Today’s earthquake across the east coast left at least this half of the nation unsettled, and while the damage was minor, all eyes turned to the President for leadership on how to proceed. But the President was far from the White House today– in Martha’s Vineyard, taking it slow and playing golf while being regularly briefed on the situation. Granted, there was little to do in response to the earthquake, given the lack of physical destruction, but CNN’s footage of the President, clad in a polo shirt and preppy hat, chatting on his cell phone is the stuff RNC attack ad directors’ dreams.
CNN anchor Brooke Baldwin reported on the situation in D.C. and New York, where the earthquake was felt (it originated in Virginia), and noted that there was not, in fact, too much of a situation to be concerned about. She then turned to Dan Lothian, who was traveling with the President in Martha’s Vineyard, and he reported on the President’s work– he was receiving regular updates on the situation in D.C. while continuing a golf game that happened to be in progress at the time. Accompanying this report was footage of the President strolling the golf grounds, chatting on his telephone. Lothian added towards the end that the President was also getting reports on the extremely dramatic, unpredictable situation in Libya.
Anyone who knows anything about politics can readily admit that the President doesn’t really have the sort of power to do anything meaningful to respond to a scary natural disaster that, at press time, has done little damage greater than causing havoc in kitchens coastwide. On paper, the CNN report proved that the President was doing everything he could. That does nothing to justify the unfortunate optics of having the President appear on vacation enjoying himself while many in the country are in mild fear– nor does it justify the way the Libyan situation is presented in the footage, as an afterthought to a minor but local threat, because it is just so out of hand and so far away.
President Obama already has a track record of coming under siege for playing too much golf on the right, and the fact that the President was doing so when the earthquakes hit was not lost on many conservatives. His figure ambling across a golf course is now the image the rest of the world is seeing next to (highly unlikely, but understandable) concerns that an American power plant could go the way of Fukushima, next to images of American journalists getting grazed by bullets on Muammar Gaddafi‘s home turf. Facts are very stubborn little rascals, but it’s easy for a sharp propagandist to smokescreen them by simply comparing the above image to, say, this one.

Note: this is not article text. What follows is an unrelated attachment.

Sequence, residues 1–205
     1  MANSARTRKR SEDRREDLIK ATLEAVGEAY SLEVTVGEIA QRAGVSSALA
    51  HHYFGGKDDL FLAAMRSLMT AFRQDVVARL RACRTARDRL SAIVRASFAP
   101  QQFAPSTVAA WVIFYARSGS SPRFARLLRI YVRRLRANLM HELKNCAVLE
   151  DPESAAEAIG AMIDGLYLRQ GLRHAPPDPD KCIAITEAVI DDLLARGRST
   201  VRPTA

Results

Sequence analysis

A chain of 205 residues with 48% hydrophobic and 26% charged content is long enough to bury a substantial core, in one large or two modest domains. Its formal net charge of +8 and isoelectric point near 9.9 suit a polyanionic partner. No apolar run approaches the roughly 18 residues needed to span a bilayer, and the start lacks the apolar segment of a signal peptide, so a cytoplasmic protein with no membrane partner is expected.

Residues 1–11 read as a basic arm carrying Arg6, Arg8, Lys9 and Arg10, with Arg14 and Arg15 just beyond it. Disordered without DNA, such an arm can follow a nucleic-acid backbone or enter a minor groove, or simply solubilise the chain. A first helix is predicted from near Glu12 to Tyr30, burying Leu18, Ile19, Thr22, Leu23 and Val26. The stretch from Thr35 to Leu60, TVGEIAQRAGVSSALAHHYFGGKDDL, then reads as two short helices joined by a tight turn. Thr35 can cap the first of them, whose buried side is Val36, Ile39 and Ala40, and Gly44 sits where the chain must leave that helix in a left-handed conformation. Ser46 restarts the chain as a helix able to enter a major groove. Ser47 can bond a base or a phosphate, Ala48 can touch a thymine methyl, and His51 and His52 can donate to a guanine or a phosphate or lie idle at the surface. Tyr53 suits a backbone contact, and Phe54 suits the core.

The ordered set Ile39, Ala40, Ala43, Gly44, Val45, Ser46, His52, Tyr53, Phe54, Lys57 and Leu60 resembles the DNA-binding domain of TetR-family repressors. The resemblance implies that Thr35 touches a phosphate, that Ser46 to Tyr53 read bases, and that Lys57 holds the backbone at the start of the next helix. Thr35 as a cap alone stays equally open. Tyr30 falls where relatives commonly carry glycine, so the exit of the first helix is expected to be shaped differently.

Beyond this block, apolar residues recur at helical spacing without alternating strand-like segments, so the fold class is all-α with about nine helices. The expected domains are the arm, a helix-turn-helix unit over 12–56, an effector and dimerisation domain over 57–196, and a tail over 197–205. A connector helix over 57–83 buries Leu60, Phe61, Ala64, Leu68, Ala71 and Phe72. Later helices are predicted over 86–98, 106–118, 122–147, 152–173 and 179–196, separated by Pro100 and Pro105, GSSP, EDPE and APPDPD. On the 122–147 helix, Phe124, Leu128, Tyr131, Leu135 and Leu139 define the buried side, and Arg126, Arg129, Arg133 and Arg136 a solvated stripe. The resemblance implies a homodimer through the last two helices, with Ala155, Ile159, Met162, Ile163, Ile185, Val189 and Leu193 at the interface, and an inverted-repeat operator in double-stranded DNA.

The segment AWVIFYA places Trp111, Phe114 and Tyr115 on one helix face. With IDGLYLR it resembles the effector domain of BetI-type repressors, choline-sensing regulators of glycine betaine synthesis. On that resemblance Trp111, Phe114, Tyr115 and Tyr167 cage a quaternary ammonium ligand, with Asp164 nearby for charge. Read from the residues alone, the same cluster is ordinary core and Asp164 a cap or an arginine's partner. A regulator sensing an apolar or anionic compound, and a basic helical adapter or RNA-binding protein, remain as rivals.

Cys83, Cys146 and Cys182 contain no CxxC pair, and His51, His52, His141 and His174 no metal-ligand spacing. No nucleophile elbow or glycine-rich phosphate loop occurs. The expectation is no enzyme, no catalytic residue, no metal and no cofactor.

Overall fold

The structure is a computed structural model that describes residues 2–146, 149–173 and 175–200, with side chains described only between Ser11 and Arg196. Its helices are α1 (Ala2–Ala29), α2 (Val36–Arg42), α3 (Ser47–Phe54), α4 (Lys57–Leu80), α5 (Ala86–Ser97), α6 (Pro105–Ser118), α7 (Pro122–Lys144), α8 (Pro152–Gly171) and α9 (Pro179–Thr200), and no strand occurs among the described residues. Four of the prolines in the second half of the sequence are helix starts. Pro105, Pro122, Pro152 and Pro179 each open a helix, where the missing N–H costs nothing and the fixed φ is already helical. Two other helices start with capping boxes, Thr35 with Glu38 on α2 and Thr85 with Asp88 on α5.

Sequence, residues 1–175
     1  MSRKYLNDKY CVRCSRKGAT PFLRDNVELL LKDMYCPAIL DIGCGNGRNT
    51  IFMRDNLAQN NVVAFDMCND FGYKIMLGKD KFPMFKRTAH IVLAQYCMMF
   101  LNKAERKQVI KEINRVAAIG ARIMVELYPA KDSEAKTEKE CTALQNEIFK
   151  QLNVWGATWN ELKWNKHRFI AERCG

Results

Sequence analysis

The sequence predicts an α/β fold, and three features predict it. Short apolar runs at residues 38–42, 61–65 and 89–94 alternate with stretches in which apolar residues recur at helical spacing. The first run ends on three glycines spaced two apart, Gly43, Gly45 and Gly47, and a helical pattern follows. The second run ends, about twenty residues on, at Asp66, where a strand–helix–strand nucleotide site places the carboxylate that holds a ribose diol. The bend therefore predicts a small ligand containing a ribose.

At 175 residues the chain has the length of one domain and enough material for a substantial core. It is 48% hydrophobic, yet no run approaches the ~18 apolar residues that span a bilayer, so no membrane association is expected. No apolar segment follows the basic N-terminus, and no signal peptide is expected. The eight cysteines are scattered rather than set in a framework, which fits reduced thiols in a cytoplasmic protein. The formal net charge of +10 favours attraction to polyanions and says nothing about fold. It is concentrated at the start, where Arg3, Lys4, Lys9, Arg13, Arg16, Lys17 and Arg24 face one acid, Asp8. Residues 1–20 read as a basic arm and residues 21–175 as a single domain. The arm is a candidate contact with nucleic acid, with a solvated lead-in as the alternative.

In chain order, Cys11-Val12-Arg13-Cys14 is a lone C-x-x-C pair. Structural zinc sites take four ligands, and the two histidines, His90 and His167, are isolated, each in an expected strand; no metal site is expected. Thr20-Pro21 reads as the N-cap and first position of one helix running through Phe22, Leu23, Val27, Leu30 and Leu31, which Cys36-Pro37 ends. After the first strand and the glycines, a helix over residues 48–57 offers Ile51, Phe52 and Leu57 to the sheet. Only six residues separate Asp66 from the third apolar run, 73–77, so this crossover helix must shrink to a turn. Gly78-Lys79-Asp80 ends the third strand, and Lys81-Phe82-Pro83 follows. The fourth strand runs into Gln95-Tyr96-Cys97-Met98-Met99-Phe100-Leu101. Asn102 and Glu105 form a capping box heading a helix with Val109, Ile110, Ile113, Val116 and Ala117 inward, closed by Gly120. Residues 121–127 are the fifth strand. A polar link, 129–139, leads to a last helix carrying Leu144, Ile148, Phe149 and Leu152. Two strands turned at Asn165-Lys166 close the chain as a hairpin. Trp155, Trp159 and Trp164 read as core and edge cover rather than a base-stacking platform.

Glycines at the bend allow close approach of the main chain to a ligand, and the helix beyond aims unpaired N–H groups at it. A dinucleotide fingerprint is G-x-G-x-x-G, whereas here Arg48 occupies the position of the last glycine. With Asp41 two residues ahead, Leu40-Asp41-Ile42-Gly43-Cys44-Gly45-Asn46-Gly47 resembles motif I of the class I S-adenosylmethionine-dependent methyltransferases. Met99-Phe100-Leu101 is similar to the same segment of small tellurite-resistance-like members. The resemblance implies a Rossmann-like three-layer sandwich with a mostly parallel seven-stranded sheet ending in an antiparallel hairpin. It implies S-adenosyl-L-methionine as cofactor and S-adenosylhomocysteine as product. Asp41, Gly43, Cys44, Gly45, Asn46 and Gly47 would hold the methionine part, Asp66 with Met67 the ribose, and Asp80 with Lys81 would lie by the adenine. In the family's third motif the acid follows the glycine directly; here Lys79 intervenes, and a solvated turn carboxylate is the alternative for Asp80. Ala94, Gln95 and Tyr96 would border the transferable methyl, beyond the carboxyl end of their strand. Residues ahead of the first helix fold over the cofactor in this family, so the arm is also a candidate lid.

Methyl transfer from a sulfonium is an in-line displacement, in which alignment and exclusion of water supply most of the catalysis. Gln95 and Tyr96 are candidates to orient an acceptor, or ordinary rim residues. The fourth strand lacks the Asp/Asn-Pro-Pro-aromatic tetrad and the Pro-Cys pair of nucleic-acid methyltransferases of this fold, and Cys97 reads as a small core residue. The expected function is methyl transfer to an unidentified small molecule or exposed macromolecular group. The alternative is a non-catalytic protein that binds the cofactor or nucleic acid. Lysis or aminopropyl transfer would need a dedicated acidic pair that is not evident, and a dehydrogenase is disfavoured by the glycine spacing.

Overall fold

Moderates and liberals will be sure to laugh at the idea that the President should have been doing anything other than taking phone calls at the time the earthquake hit, and are already doing so. And advertising attacking the President for playing too much golf, especially in this context would be sure to receive its fair share of ridicule for harping on an issue that has no impact on the average America. But the President is up for reelection against a team notorious for their ability to render a capable, hard-working leader ridiculous based on silly vacation images, and the footage has a good year to lose its current context and enter an attack ad that spans other issues and complaints conservatives may find worthier. If conservatives were grasping at straws before with the “Canadian” Obama bus (that the Secret Service purchased to save money), there is a near guarantee that we will see something like the 2004 anti-John Kerry “Windsurfing” ad in 2004.
Of course, at this point the “damage” is done, and any attempt to end his vacation early or look like he is working harder will only be interpreted by enemies as the President once again “caving” to the other side. Not to mention that it is entirely legitimate for the Commander in Chief to be golfing while on a previously scheduled vacation during an event of no real significance (whether he should be working to care a bit more about the Libyan situation is beside the point, as the early criticism pertains more to the earthquake). But the optics are so wrong out of context, and so ripe for the picking by opposition, that it will be a surprise if Americans don’t get used to seeing it air between their favorite TV shows this time next year.
The segment via CNN below:
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